- Facebook’s new video-chat and smart-speaker device, Portal, goes on sale in the US on Thursday.
- But Facebook can’t shake privacy concerns over its always-on microphones and camera.
- The company’s consumer-hardware boss, Andrew Bosworth, said Portal was not a “data-gathering operation.”
- This is despite Facebook previously acknowledging that it would collect information on calls to better target advertising.
Facebook on Thursday launches its $US199 video-chat and smart-speaker device, Portal. But it can’t seem to shake concerns that the new piece of hardware will double as a surveillance system.
The company unveiled the Portal in October, at which time Facebook said no data collected through the device would be used to target users with ads. It later changed its story, telling Recode that information like call lengths and frequency might be used in ad targeting.
Now, Andrew Bosworth, Facebook’s vice president of consumer hardware, has attempted to convince users that the Portal is not just another weapon in the firm’s information-gathering armory.
“This isn’t a data-gathering operation,” he told Bloomberg.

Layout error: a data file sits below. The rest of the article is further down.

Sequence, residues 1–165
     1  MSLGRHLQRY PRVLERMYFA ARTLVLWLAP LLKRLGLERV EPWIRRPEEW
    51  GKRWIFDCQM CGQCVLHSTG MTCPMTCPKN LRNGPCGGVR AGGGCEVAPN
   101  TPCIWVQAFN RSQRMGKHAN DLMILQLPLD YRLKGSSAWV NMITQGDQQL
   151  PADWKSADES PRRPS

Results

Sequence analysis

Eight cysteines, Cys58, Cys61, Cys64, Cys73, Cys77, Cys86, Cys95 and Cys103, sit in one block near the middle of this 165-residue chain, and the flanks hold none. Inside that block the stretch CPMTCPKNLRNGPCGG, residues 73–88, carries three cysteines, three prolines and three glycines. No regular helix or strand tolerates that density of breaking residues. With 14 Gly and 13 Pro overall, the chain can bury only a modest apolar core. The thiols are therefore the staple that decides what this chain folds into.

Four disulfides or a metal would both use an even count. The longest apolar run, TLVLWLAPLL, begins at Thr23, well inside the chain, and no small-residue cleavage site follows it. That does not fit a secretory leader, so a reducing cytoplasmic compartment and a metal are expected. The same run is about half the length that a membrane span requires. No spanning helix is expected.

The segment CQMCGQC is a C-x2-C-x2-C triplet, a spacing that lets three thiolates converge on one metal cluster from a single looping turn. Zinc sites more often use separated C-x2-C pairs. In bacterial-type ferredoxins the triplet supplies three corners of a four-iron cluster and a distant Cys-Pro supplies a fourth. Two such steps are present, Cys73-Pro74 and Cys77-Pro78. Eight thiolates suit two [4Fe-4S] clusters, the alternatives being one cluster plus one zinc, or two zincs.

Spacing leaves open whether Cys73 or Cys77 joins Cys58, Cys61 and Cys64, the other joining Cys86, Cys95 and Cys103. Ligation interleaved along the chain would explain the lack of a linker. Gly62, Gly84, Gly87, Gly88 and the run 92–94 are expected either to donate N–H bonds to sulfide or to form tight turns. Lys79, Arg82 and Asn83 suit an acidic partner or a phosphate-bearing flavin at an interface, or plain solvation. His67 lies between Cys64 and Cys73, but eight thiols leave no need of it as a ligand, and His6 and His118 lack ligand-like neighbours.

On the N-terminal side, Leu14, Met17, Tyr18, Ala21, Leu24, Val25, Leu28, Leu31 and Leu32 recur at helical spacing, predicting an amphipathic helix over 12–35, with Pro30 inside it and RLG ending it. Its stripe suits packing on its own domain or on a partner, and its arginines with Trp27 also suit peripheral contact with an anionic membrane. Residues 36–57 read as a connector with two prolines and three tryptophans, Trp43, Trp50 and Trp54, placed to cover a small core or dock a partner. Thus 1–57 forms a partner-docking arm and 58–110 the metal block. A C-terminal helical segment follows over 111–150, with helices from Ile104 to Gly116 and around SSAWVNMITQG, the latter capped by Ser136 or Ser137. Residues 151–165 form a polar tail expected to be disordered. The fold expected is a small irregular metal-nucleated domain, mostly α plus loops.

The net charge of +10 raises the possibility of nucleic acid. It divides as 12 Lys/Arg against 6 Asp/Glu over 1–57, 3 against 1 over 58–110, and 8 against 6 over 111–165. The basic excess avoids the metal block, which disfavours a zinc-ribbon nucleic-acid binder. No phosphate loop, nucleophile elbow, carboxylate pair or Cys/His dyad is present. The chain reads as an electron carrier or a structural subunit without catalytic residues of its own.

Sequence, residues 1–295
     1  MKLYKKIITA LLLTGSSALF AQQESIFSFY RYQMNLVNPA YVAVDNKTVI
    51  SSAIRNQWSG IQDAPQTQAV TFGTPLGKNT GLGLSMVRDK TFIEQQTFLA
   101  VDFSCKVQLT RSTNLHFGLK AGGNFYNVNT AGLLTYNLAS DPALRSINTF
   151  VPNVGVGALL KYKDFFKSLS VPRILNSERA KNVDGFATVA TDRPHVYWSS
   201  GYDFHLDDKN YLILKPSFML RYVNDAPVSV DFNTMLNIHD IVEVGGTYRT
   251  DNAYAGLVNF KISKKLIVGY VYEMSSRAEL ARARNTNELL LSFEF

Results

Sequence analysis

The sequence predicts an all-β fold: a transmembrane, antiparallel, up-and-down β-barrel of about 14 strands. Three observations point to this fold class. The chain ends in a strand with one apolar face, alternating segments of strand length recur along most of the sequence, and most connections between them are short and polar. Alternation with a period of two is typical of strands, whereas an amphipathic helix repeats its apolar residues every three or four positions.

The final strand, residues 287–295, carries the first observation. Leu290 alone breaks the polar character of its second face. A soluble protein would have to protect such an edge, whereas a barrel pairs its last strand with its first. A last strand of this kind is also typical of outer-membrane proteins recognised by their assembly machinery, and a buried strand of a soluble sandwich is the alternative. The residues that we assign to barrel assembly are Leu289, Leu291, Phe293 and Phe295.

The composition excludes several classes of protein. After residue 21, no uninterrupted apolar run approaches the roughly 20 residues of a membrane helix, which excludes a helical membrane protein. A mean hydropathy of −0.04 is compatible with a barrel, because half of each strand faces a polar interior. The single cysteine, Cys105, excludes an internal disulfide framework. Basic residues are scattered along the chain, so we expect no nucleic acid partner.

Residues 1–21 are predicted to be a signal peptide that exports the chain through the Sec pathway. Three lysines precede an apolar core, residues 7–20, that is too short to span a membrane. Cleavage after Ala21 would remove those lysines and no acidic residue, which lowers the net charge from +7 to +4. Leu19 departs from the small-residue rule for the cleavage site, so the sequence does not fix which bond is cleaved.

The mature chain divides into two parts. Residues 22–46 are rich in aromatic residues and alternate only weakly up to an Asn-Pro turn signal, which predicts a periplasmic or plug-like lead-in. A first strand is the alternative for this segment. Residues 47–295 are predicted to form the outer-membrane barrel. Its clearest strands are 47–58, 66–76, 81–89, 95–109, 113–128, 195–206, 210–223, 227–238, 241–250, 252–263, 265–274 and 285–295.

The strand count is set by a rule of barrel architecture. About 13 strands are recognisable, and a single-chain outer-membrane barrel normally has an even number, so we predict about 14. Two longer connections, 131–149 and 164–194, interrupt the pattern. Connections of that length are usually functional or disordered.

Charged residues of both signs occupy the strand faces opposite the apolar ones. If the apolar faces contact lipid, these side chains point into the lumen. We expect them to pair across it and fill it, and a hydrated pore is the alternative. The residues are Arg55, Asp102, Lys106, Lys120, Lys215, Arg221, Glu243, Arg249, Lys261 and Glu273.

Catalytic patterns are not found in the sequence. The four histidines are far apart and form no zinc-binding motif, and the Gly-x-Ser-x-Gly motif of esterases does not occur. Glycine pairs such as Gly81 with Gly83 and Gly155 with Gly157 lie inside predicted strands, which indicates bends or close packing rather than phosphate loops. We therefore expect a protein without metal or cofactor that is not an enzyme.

Bosworth said the data Portal collected for Facebook was limited. “Hey, Portal” commands will be sent to a server to retrieve an answer, but the command history can be deleted and won’t be used to target advertising, he said.
Bosworth added that Portal did not have recording functionality – yet. “If you wanted to do a Facebook Live from the device or ask what your cat did when you were gone, we don’t actually have that functionality today,” he said. “We may over time.”
It’s an interesting time for Facebook to offer a product like this. The company has been rocked in recent months by a string of scandals – including a hack of about 30 million users’ accounts first disclosed in September and the Cambridge Analytica breach this past spring – and its approach to user privacy is under intense scrutiny from both the public and lawmakers.
At a demonstration in San Francisco with Business Insider before the Portal’s launch, company representatives were quick to emphasise several privacy features of the device, from a camera cover to the ban on recording.